Ecclesiastical Addresses


Ecclesiastical Addresses

Ecclesiastical addresses are the formal styles of address used for members of the clergy, notably in the Catholic church. Eastern Catholics do not follow this and have their own stylings.

Addresses of Latin-Rite Catholic clergy

United States

* Cardinal: John Cardinal Smith; His Eminence; Your Eminence
* Cardinal who is also an archbishop: John Cardinal Smith, Archbishop of New York; His Eminence; Your Eminence
* Archbishop: The Most Reverend John Smith, D.D., Archbishop of New York (abbrev.: Most Rev.; bishops in the U.S. commonly employ a terminal degree as postnominals, e.g., J.C.D or S.T.D., or Ph.D., or, in its absence, the honorific D.D.); His Excellency (His Grace); Your Excellency (Your Grace); Archbishop Smith. (Titular archbishops almost never have their sees mentioned).
* Bishop: The Most Reverend John Smith, D.D., Bishop of Brooklyn (abbrev.: Most Rev.; bishops in the U.S. commonly employ a terminal degree as postnominals, e.g., J.C.D, S.T.D., or Ph.D., or, in its absence, the honorific D.D.); ); His Excellency (His Grace); Your Excellency (Your Grace); Bishop Smith.(Titular bishops almost never have their sees mentioned).
* Abbot: The Right Reverend John Smith, O.S.B. (or appropriate order's postnominals); The Right Reverend Abbot (abbrev. Rt. Rev.); Abbot John or Abbot Smith or Dom John or Father John, depending on personal and abbey custom.
* Protonotary Apostolic: The Reverend Monsignor John Smith, P.A. (abbrev.: Rev. Msgr.); Monsignor Smith. (This title and style takes precedence over all others below bishop).
* Prelate of Honor and Chaplain of Honor: The Reverend Monsignor John Smith; (abbrev.: Rev. Msgr.); Monsignor Smith. (This title and style takes precedence over all others below P.A. above).
* Vicar General: The Very Reverend John Smith, or The Reverend John Smith, V.G.; Father Smith.
* Judicial Vicar, Ecclesiastical Judge, Episcopal Vicar, Vicar Forane, Dean, Provincial Superior, Rector: The Very Reverend John Smith; Father Smith.
* Prior whether superior of or in a monastery or a province or house of a religious order : The Very Reverend John Smith, O.P. (appropriate postnominals for the order); Father Smith.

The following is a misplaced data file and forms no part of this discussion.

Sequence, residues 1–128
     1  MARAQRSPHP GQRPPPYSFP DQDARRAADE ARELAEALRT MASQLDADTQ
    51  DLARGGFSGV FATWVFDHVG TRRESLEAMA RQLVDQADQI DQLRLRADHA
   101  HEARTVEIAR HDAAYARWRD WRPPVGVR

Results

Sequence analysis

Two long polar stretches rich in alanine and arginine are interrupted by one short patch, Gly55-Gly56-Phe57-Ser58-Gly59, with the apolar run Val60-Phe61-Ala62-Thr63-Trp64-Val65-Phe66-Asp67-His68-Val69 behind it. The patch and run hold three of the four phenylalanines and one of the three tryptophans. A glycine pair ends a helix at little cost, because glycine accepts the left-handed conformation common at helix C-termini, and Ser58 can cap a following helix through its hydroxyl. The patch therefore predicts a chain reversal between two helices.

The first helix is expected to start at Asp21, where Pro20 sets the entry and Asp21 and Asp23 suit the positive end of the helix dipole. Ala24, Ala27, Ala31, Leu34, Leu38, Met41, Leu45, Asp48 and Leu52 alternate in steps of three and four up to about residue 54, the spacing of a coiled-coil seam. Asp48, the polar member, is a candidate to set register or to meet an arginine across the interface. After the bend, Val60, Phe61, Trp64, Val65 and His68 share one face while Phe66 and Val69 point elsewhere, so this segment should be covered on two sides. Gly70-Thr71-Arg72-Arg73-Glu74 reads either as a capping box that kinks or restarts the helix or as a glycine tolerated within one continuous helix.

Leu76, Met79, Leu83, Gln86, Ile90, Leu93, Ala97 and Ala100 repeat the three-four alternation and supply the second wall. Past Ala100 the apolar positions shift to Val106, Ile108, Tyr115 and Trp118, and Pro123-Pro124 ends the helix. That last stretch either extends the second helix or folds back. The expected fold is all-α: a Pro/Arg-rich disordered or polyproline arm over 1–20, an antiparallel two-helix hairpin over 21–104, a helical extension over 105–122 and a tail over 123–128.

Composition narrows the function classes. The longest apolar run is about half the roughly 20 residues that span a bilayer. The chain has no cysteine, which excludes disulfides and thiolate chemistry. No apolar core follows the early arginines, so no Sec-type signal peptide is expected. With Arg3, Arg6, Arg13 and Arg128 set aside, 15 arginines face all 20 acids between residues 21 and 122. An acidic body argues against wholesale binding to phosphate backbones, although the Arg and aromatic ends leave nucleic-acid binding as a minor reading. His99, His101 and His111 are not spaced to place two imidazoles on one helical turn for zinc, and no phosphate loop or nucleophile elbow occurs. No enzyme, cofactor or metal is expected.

* Pastor of a Catholic parish, Parochial Vicar, Chaplain, Priest: The Reverend John Smith (abbrev.: Rev. John Smith); Father Smith.
* Transitional Deacon (i.e., deacon preparing for priesthood): Rev. Mr. Smith or Deacon Smith.
* Permanent Deacon: Mr. John Smith or Deacon John Smith; Mr. Smith or Deacon Smith.
* Seminarian (diocesan seminary or Jesuit scholastic:): Mr. John Smith; Mr. Smith.
* Brother: Brother John Smith, O.F.M.; Brother John (in some teaching orders, "Brother Smith" is customary).
* Abbess, Prioress, superior of a religious order of women or a province: Mother Jane Smith, O.S.B.; Mother Jane (the title of women religious superiors varies widely, and specific customs of the order should be noted)
* Religious sister or nun: Sister Jane Smith, S.C.; Sister Jane.

Britain and the Commonwealth

The major difference between U.S. practice and that in the Commonwealth is the form of address for archbishops and bishops. In Britain, Australia, etc.:
* an archbishop is "the Most Reverend" and addressed as "Your Grace" rather than "His/Your Excellency".
* a bishop is "the Right Reverend", and is formally addressed as "My Lord" rather than "Your Excellency". This style is an ancient one, and has been used in the western church for more than a thousand years; it corresponds to, but does not derive from, the Italian "Monsignore" and the French "Monseigneur". However, most bishops prefer to be addressed simply as "Bishop ".

The form of address and style is different, however, for bishops and archbishops of other denominations. See "Forms of address in the United Kingdom" for further information.

Addresses of Eastern-Rite Catholic clergy

Although the titles of Eastern-Rite clergy would change from language to language, in the Greek- and Arabic-speaking world the following would be acceptable, but is by no means a full list of appropriate titles. It is notable that surnames are never used expect in extra-ecclesial matters or to specify a particular person where many share one Christian name or ordination name. Where not noted, Western titles may be supposed. The following are common in Greek Melkite Catholic usage and in Greek Orthodox usage in the United States.

Bishop / Archbishop: In Arabic, a bishop is styled "Sayedna," while in Syriac-tradition churches, he is styled "Mar."

Priest: In Arabic, "Abouna," and in Greek "Pappas".

Deacon: Identical to a priest in all ways except "Father Deacon" is also heard ("Abouna Shammas" or "Pappas Diakonos").

Subdeacon: Reverend Subdeacon in written address, but the Christian name with or without "Brother" is usually used, except some traditions where "Father Subdeacon" is used. In Arabic, this is confused by the word "Shammas" being used for both the subdeaconate and the deaconate, the distinction being a "Deacon of the Letter" and a "Deacon of the Gospel," respectively. Often a Deacon will be addressed as "Father" and the subdeacon as "Brother" to make the distinction clear.

Reader: Readers are addressed as "Reader" or "Brother," depending on the preference of the addresser.

Seminarians: "Brother" or "Brother Seminarian" is the most common title; the appellation "Father Seminarian" or "Father Student" is not seen outside of rural Greek and Arabic-speaking laity.

Tonsured individuals of no title: Brother.

References

*Catholic Encyclopedia (1913). " [http://www.newadvent.org/cathen/01137a.htm Ecclesiastical Addresses] ".
*Mirriam-Webster (1997 HTML edition). [https://www.cs.harvard.edu/oldwikis/data/mw/Mwed00000140.html Handbook of Style] - Clerical and Religious forms of address.


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